Last but not least the Caribbean community is invited to CARIFESTA IX in Suriname from August 16 to August 25, 2013.

For a first as a maestro in chief, the chairman of the conference, President Michel Martelly received large accolades from his brethren. I attended one of the meetings and I was honoured to watch President Martelly, with grace, humour and dexterity, conduct the session with ease, finesse and efficacy. Comrade Ralph Gonsalves, the prime minister of St Vincent and the Grenadines, a fervent admirer of Toussaint Louverture, was visiting Haiti for the first time and was also impressed. The Minister of Immigration from the Turks and Caicos Islands, Mr Ricardo Don-Hue Gardiner, whom I castigated in a recent essay for his position on Haitians in the islands, was gracious in the extreme. He told me of his plan to come back to Haiti with his son for the cultural experience. We may even work out an orderly arrangement of supplying Haitian workers to Providenciales.

The return for Haiti will be tremendous. Guyana is working to produce rice with Haitian workers; Bahamas will receive fruits and produce from Haiti for its budding tourist industry. With tongue in cheek, I told the minister of foreign affairs and foreign trade of Jamaica, Mr Arnold J Nicholson, that Haiti could use a thousand Jamaican women, not only to teach English in the small towns of the country but to spur a women’s revolution, making our Haitian women firmer and stronger. By contrast we have thousands of young, polished and well educated Haitian males to export for the single ladies from Jamaica to Guyana.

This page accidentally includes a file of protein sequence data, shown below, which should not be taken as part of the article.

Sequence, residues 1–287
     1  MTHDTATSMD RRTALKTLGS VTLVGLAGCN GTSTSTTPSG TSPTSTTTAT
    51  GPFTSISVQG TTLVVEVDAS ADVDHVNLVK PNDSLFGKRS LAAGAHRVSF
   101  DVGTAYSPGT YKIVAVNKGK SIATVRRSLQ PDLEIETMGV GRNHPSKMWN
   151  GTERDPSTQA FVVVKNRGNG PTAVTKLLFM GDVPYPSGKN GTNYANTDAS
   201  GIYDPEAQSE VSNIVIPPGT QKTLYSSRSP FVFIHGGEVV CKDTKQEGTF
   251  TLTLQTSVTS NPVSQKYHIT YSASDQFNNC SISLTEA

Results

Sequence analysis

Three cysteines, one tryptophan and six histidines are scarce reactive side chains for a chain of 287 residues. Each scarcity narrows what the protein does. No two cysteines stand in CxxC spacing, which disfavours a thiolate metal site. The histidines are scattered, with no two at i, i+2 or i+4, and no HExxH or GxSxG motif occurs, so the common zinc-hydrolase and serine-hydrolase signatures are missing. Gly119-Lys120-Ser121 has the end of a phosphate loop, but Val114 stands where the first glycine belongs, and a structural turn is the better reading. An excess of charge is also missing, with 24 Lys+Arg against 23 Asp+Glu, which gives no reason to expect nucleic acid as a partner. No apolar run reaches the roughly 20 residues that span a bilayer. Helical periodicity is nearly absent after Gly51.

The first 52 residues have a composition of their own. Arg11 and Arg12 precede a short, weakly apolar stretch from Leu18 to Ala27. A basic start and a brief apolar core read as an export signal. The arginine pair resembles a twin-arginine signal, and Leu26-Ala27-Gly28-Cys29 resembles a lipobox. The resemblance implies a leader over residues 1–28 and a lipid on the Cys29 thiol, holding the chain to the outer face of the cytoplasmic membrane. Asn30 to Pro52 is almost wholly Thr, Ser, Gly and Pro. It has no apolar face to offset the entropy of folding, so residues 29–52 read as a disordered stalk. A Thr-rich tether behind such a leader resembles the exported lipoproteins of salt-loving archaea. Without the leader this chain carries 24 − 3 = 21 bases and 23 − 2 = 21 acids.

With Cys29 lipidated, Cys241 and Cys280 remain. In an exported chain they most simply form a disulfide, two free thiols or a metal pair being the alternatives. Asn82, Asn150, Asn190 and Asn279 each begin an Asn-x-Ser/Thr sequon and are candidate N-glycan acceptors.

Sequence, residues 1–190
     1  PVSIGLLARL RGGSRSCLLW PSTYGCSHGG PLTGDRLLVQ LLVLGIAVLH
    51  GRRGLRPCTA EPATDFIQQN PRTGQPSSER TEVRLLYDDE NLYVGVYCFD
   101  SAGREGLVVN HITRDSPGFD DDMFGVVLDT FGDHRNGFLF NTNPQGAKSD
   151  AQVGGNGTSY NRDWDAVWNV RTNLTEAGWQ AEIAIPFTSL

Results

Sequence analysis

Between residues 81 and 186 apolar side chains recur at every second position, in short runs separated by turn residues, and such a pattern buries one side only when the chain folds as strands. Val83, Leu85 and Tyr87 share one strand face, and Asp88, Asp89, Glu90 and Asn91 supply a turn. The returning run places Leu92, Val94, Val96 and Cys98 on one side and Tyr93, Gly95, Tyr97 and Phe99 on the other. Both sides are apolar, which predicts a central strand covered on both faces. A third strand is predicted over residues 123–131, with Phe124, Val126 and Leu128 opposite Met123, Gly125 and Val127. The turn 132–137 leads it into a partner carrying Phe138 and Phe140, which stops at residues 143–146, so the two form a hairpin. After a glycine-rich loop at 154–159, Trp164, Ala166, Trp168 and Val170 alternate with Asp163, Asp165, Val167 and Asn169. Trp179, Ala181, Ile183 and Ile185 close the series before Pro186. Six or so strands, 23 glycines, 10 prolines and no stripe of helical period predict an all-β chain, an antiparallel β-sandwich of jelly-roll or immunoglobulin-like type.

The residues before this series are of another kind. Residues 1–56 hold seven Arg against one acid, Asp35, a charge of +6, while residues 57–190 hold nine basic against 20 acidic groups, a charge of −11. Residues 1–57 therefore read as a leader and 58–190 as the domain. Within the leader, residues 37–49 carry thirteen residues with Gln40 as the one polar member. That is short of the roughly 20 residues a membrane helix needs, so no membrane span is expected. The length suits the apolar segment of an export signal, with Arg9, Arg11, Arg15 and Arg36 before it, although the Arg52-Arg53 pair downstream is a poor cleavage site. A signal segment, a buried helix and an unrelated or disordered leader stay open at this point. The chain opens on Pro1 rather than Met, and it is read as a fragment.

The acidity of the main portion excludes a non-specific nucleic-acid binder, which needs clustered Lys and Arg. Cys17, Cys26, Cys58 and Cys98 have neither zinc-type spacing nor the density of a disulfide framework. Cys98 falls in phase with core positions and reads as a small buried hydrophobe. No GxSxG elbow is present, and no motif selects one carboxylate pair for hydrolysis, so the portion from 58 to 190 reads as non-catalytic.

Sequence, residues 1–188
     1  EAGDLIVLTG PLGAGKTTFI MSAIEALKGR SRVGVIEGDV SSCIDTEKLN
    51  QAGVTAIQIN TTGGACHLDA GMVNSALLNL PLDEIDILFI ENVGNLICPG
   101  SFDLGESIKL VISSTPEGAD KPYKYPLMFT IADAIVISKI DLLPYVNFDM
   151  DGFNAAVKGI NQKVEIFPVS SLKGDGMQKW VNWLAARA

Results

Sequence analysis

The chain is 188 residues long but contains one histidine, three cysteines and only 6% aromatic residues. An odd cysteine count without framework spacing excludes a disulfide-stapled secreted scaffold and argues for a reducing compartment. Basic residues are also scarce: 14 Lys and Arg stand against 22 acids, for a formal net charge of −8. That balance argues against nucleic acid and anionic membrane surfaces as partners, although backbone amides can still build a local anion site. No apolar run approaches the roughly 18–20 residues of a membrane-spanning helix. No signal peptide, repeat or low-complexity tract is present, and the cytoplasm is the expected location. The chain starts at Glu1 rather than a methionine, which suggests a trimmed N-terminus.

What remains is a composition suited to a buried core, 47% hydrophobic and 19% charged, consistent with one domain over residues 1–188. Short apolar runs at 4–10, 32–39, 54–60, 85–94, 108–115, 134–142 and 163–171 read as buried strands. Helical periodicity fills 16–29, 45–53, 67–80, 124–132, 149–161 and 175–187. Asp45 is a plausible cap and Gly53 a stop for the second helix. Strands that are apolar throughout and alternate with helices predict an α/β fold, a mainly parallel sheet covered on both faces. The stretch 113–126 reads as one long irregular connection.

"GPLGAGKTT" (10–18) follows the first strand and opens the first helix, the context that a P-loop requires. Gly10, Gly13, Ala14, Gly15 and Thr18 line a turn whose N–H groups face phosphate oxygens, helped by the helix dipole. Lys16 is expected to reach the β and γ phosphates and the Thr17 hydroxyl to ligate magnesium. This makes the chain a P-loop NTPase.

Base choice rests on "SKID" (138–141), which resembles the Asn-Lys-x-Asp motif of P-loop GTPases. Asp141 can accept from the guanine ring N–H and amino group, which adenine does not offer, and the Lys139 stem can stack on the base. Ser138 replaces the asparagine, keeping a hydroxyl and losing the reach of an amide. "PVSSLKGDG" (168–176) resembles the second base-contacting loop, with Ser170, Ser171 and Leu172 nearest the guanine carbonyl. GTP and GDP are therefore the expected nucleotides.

I have revisited an essay written some seven years ago entitled: A roadmap for a coordinated and integrated approach towards the Caribbean islands. Seven years later, CARICOM has not moved fast enough to adopt one seventh of the agenda. In fact, the Eastern Caribbean islands have moved so much faster that a fast track approach has been adopted to accommodate the fully integrated policies of the Organisation of Eastern Caribbean States (OECS).